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Along the coast there are both pillars and altars of Pytholaus, Lichas, Pythangelus, Leon, and Charimortus, that is, along the known coast from Deire as far as Notu-ceras; but the distance is not determined. The country abounds with elephants and lions called myrmeces (ants).1 They have their genital organs reversed. Their skin is of a golden colour, but they are more bare than the lions of Arabia.

It produces also leopards of great strength and courage, and the rhinoceros. The rhinoceros is little inferior to the elephant; not, according to Artemidorus, in length to the crest,2 although he says he had seen one at Alexandreia, but it is somewhat about [ * * * less]3 in height, judging at least from the one I saw. Nor is the colour the pale yellow of boxwood, but like that of the elephant.4 It was of the size of a bull. Its shape approached very nearly to that of the wild boar, and particularly the forehead; except the front, which is furnished with a hooked horn, harder than any bone. It uses it as a weapon, like the wild boar its tusks. It has also two hard welts, like folds of serpents, encircling the body from the chine to the belly, one on the withers, the other on the loins. This description is taken from one which I myself saw. Artemidorus adds to his account of this animal, that it is peculiarly inclined to dispute with the elephant for the place of pasture ; thrusting its forehead under the belly [of the elephant] and ripping it up, unless prevented by the trunk and tusks of his adversary.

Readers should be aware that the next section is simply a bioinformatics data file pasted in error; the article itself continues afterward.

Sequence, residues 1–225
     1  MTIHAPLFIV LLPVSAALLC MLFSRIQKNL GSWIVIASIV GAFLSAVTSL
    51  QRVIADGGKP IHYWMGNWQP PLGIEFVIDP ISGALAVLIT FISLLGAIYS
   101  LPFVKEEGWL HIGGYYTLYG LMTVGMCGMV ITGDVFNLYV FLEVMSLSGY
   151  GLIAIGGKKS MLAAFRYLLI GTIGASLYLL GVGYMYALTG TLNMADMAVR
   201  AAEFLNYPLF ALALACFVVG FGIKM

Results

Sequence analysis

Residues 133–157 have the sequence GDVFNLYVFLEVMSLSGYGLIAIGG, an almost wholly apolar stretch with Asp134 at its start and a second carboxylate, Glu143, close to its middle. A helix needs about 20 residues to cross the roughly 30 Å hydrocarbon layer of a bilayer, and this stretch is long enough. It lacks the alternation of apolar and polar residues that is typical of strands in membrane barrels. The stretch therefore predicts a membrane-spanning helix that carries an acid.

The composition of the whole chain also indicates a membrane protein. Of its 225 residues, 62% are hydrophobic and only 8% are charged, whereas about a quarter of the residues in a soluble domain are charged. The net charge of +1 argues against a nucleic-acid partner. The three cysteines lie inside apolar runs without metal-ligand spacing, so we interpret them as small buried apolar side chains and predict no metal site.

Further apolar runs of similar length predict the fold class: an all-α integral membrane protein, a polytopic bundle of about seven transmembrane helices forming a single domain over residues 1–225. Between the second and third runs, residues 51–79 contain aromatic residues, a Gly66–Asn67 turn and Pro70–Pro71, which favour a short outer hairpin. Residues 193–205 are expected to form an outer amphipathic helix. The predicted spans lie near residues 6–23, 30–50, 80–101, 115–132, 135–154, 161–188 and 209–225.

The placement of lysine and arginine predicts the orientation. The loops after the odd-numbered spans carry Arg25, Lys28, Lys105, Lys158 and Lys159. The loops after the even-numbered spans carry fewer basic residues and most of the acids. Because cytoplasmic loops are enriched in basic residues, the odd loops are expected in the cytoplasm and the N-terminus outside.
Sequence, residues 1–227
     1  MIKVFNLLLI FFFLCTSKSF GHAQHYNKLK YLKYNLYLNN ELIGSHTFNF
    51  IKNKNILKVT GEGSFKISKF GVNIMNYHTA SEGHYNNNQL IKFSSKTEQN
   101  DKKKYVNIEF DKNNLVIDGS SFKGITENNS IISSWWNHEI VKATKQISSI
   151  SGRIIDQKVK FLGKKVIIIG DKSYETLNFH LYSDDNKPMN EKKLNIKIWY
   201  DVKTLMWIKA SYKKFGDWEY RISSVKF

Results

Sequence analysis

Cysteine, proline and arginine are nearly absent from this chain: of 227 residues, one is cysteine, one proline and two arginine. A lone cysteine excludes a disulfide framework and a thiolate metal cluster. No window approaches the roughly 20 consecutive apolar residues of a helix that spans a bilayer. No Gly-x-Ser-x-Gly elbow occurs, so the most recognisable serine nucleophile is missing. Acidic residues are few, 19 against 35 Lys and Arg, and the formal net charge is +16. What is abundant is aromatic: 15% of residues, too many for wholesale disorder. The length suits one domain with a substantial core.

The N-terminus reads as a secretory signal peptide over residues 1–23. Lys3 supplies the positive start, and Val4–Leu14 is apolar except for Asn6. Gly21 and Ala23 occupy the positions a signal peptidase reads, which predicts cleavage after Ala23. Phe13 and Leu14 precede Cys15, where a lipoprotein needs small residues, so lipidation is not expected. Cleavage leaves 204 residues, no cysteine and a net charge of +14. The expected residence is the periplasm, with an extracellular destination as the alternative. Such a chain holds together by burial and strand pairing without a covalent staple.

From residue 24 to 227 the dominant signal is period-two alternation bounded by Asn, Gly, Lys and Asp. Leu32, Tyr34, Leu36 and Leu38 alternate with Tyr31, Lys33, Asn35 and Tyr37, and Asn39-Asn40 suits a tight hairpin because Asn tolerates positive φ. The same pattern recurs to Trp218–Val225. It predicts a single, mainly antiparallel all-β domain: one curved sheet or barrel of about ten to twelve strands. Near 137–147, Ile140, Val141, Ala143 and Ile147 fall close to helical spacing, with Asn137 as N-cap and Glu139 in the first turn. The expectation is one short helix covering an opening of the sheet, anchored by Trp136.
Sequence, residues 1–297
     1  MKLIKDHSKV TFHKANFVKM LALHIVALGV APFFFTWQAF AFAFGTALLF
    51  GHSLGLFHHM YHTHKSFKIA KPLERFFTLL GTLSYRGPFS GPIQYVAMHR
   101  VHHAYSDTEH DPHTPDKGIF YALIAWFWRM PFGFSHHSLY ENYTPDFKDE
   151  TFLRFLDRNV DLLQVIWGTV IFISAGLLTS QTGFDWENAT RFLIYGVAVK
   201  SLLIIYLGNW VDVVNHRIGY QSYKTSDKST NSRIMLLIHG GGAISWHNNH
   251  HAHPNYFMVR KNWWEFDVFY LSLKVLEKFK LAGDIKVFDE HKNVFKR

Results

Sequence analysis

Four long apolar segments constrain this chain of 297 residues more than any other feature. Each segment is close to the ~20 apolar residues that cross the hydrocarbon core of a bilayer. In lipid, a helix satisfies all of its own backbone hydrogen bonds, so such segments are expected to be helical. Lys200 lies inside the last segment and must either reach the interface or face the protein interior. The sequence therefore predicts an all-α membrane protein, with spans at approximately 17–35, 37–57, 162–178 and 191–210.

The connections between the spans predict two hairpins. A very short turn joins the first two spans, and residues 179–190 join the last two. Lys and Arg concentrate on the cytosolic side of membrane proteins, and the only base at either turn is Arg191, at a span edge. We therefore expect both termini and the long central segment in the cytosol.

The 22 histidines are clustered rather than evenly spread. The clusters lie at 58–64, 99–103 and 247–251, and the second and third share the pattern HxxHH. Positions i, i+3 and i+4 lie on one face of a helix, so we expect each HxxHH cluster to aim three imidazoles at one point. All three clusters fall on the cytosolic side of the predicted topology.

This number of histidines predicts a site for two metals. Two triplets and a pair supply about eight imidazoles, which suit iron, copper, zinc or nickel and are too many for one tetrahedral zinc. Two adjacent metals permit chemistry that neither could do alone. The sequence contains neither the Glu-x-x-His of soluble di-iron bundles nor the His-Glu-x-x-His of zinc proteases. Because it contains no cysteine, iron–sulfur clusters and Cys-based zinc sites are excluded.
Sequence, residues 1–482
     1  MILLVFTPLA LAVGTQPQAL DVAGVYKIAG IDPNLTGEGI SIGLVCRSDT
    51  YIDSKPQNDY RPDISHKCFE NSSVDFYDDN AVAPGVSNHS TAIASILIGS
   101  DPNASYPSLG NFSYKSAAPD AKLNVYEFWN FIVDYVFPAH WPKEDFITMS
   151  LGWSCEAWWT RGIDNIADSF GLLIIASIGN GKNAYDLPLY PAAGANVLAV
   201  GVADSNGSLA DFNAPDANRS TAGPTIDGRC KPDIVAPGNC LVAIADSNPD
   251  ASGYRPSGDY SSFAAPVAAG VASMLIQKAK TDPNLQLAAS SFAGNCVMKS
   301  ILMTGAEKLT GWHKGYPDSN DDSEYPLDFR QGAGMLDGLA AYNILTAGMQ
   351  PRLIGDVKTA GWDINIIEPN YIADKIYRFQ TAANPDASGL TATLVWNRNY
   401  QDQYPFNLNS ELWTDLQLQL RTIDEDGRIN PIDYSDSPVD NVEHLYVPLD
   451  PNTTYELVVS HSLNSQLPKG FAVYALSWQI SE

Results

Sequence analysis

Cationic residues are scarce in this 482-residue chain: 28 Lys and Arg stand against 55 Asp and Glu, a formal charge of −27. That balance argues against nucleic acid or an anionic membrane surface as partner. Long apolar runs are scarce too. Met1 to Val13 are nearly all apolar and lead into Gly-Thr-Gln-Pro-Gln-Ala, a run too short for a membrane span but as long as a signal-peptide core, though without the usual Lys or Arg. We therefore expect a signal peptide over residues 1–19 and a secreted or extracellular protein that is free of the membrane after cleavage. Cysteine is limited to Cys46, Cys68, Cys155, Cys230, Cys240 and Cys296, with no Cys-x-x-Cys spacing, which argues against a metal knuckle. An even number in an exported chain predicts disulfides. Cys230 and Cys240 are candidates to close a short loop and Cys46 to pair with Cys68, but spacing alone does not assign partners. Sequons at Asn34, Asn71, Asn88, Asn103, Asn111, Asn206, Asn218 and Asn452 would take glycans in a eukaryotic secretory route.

1 λέων μ́ρμηξ. Agatharchides calls them μυρμηκολέων, and Ælian simply μύρμηξ. What animal is intended by the name is uncertain. In b. xv. c. i. § 44, the marmot seems to be described.

2 What the words ἐπὶ σειρὰν mean is doubtful. Casaubon supposes that some words are wanting in the text; Groskurd proposes to read ἀπὸ κεφαλῆς ἐπὶ οὐρὰν, ‘from the head to the tail.’

3 The passage is corrupt, and some words are wanting to complete the sense. Groskurd proposes, ‘a span less.’

4 Pliny, viii. 29.

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